5 min. 2 sec., UHD, mono, 1-channel-installation, 2020
The video work "En Travesti" deals with the play with gender roles and travesty in opera, but also with gender roles and gender attributions in general. Five opera arias are staged in an unconventional way by a single singer. The cross-gender cast in the history and present of opera, which has been created since the Baroque era as a consequence of castration, is also a theme. The composer's remark "En travesti" is an indication that a role is to be cast as a counter-gender role. In the work the singer (mezzo-soprano) slips into the role of Medoro from Handel's "Orlando" with the aria "Verdi Allori", a male role that Handel deliberately wrote for a female mezzo-soprano, into the role of Tancredi from Rossini's "Tancredi" with the aria "Di tanti palpiti", which was also written for alto/mezzosoprano, in the role of Octavian from Strauss' "Rosenkavalier" with "Wie du warst", also composed for mezzo-soprano, in the role of Semira from Vinci's "Artarserse" with "Innocente".
The role of Semira is a woman's role that in ancient Rome was performed exclusively by castrati, since at that time in Rome women were forbidden on stage, and the role of Victor/Victoria from Mancini's musical of the same name, which tells of the singer Victoria, who appears as a travesty artist* named Victor. Filmed in portrait format against a black background, the singer's body is cut vertically into five equal parts by a five-part split screen. Singing body parts of the different roles are created. The individual body parts of the different roles, all of which are carried by one singer, are placed in relation to each other again and again. The figures and arias are interwoven visually and in sound in such a way that on the sound level an independent composition is created and in the picture a figure oscillating between different (gender) roles.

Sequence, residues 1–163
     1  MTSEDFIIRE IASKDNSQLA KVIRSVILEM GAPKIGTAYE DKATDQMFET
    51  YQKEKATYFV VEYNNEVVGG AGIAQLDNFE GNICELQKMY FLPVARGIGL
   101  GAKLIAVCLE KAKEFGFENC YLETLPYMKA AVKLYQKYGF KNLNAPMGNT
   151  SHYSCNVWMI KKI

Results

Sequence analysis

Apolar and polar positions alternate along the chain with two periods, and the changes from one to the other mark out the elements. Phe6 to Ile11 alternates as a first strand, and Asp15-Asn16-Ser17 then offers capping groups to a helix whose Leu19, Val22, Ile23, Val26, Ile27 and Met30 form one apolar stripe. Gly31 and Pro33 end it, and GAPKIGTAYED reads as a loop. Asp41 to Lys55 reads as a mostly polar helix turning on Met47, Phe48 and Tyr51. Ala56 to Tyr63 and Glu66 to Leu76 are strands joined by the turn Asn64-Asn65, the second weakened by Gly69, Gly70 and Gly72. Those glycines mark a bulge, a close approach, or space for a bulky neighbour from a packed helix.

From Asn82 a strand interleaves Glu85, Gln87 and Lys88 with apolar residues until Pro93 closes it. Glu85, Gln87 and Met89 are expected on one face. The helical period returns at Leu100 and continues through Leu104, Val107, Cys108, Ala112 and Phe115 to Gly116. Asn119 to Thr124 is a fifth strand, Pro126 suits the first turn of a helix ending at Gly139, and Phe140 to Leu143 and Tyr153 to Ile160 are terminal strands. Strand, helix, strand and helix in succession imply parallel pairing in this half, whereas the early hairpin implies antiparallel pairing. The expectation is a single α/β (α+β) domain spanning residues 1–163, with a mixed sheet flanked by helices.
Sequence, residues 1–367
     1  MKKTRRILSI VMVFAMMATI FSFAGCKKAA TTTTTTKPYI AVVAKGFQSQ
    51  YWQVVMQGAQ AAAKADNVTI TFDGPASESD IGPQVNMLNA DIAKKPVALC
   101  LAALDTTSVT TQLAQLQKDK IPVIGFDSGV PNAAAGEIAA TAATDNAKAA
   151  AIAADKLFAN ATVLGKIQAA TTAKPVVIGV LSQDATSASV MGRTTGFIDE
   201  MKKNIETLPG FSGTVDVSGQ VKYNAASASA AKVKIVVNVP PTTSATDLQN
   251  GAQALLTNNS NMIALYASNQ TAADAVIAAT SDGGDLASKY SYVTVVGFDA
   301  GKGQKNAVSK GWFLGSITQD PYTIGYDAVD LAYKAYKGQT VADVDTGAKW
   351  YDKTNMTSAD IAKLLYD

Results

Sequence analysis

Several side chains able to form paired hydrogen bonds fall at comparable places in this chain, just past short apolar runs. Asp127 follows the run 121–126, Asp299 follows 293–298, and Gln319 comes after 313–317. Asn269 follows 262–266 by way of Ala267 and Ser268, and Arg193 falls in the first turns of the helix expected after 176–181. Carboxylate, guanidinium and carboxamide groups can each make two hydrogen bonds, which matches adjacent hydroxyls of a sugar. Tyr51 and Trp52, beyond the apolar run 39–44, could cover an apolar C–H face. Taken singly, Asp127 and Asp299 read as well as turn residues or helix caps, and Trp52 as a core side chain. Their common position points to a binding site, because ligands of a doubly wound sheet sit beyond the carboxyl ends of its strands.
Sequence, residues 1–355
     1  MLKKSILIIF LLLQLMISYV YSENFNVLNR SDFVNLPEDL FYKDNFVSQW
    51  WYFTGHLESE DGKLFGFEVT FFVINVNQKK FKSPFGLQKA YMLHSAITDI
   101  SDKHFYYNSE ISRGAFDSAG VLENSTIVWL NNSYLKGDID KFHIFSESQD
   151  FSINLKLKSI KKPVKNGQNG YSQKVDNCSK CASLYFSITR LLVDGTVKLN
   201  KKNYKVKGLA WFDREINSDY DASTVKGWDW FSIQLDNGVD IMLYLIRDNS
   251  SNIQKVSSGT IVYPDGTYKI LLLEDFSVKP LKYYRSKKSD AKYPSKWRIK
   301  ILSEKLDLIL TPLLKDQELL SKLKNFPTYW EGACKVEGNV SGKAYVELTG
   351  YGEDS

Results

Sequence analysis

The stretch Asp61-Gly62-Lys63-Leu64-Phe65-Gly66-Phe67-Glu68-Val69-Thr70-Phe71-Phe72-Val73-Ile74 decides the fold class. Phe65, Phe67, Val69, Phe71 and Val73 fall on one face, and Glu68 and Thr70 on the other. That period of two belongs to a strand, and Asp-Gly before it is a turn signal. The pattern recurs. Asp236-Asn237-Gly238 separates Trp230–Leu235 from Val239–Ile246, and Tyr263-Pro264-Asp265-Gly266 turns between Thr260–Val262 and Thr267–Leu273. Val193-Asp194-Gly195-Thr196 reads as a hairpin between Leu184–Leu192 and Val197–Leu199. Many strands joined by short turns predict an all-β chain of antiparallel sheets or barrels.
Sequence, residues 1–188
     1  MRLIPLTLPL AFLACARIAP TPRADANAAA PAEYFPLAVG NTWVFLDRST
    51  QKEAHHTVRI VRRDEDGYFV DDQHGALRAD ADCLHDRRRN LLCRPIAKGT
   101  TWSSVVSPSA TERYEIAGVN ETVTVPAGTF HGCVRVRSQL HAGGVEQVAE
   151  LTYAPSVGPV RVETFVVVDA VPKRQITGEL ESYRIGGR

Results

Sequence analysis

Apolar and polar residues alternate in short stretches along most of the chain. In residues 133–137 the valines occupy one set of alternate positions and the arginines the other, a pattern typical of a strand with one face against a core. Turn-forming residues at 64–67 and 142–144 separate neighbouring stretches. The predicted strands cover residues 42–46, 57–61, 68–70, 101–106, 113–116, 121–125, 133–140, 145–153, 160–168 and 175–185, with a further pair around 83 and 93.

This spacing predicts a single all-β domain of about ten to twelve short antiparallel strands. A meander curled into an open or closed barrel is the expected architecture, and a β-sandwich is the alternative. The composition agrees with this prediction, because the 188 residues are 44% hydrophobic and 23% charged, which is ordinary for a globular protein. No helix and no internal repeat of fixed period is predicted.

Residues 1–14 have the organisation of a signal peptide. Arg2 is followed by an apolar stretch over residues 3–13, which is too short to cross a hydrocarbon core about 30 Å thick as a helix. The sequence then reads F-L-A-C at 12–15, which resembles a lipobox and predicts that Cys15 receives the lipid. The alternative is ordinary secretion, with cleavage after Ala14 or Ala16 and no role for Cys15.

Cast und Team:
concept, directing, camera, editing: Binha Haase
mezzo soprano: Nadia Steinhardt
costume design: Nari Haase
make up: Katharina Kraft
sound: Claus Störmer